How to maximise retention and reduce slippage when buying and selling a rent roll.

We’re regularly asked what actions need to be undertaken to maximise the retention of properties when selling and buying a rent roll. Such actions are applicable across all sectors of the industry, for residential, commercial and strata rolls, and not just restricted to residential portfolios.

By way of updated evidence to support our observations, during the past year retention rates of rent rolls sold by Realestimations ranged from a high of 96% to a low of 19%.

So, what lessons have been learned from this, and what areas need close attention to ensure your retention is closest to the former figure and not the latter?

We’ve identified the key actions to maximising retention are:

Buyer and seller working in unison

Once the Rent Roll Sale/Purchase Deed is signed, it’s important for the buyer and seller to present a united and collegial approach to property owners and tenants. Working together in unison ensures a smooth transitioning of the rent roll ownership. 

Work to a structured timeline

Don’t wait until your Sale/Purchase Agreement becomes unconditional to put in place a strategy of communication with property owners and tenants. Adopting a structured approach, establishing a time line of events and, undertaking timely follow-ups with property owners and tenants, will significantly reduce the stress of the entire process.

Communicate with your property owners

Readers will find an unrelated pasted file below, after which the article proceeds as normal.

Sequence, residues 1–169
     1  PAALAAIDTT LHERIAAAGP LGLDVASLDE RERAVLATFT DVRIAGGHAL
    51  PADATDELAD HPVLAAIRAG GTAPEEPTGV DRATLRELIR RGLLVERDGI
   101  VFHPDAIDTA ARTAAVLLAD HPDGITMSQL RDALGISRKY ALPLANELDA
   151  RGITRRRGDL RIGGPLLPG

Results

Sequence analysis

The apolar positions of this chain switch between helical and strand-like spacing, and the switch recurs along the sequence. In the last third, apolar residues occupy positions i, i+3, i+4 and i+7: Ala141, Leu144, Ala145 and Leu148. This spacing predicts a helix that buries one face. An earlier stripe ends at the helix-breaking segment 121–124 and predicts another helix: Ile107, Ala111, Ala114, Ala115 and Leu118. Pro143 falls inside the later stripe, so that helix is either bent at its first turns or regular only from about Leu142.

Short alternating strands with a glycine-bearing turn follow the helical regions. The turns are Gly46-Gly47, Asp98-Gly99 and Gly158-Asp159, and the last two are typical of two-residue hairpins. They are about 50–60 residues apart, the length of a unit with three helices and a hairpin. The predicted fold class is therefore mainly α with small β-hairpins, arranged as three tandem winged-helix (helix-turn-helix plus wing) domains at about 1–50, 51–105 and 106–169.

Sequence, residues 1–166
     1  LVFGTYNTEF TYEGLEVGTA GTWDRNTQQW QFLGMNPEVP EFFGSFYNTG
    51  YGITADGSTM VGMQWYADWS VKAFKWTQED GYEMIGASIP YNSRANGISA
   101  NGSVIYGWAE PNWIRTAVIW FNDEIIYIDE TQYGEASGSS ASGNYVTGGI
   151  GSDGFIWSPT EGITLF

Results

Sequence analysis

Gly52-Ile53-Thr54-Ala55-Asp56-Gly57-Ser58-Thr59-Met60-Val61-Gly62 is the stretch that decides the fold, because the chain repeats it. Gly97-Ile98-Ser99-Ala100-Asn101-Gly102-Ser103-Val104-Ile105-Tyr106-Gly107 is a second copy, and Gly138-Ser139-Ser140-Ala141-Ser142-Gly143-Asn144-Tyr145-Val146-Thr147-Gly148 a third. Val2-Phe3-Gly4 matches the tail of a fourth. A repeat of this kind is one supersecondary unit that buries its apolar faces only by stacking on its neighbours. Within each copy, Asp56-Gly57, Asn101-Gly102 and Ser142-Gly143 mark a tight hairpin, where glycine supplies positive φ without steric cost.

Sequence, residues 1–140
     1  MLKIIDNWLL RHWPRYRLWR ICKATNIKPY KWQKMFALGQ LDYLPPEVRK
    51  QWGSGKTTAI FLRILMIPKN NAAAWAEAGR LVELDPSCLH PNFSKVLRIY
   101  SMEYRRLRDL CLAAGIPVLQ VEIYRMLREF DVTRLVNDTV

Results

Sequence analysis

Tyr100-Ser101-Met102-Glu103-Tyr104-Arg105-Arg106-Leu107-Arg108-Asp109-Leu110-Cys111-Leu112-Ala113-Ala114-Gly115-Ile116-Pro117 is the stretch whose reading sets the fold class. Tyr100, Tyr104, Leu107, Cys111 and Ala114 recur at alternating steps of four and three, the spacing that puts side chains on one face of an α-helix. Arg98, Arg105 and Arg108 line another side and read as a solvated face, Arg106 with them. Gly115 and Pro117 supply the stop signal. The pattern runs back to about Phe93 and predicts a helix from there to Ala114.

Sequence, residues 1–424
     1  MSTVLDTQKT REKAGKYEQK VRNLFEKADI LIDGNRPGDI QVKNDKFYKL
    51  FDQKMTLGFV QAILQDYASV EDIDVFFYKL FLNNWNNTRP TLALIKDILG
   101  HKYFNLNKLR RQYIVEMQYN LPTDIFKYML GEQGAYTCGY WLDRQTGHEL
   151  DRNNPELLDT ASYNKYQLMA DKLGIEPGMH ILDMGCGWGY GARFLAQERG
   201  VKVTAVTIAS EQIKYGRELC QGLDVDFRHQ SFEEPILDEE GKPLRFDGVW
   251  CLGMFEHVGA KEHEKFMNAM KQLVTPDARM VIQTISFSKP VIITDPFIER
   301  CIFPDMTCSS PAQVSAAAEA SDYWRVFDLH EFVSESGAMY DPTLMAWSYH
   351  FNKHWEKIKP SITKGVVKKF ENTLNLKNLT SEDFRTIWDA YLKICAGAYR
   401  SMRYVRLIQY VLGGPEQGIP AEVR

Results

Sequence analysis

Property owners need to feel that they are an important part of the process as they undoubtedly are.  Communication with owners need to be personalised and should be through telephone calls rather than emails, where possible. If the portfolio is too large, a professional and personalised email should be individually addressed to each owner.   Sending the new Management Authority with a generic email to owners must be avoided at all costs.  The single, biggest complaint we’ve experienced from property owners, is the feeling of being “sold” like a tradeable commodity.

Take an Active Interest

Work in conjunction with your Property Management team in having the new Management Authorities signed. Do not allow your Property Management team to have full responsibility of this. Instead, take an active interest and ensure that a weekly review of the number of returned Management Authorities is conducted. As the selling or buying Principal, you should make an effort to speak to every owner to alleviate any concerns or uncertainties they may have towards the future direction of their property,  the income, and tenants.

Ensure Continuity of Management Fees

New Management Agreements must incorporate the same fees and charges as those currently enjoyed by the selling agency. Any increase in fees will result in property owners’ potentially sourcing for a cheaper alternative agency or self-managing.

Ensure Management Agreements are correctly signed

Management Agreements must be correctly signed in order for them to be legally valid. If the Authority requires multiple initials or signatures, the relevant signing sections must be highlighted When required, use the services of DocuSign or similar document signing service.

The above strategies have been formulated from our experiences of managing the buying and selling process.  Through our years of practice, we’ve discovered that in ensuring the smoothest outcome possible for the property owner, tenant and the buying and selling agencies; both agencies must establish a structured approach and work together to ultimately achieve the maximum retention rate of rent rolls.

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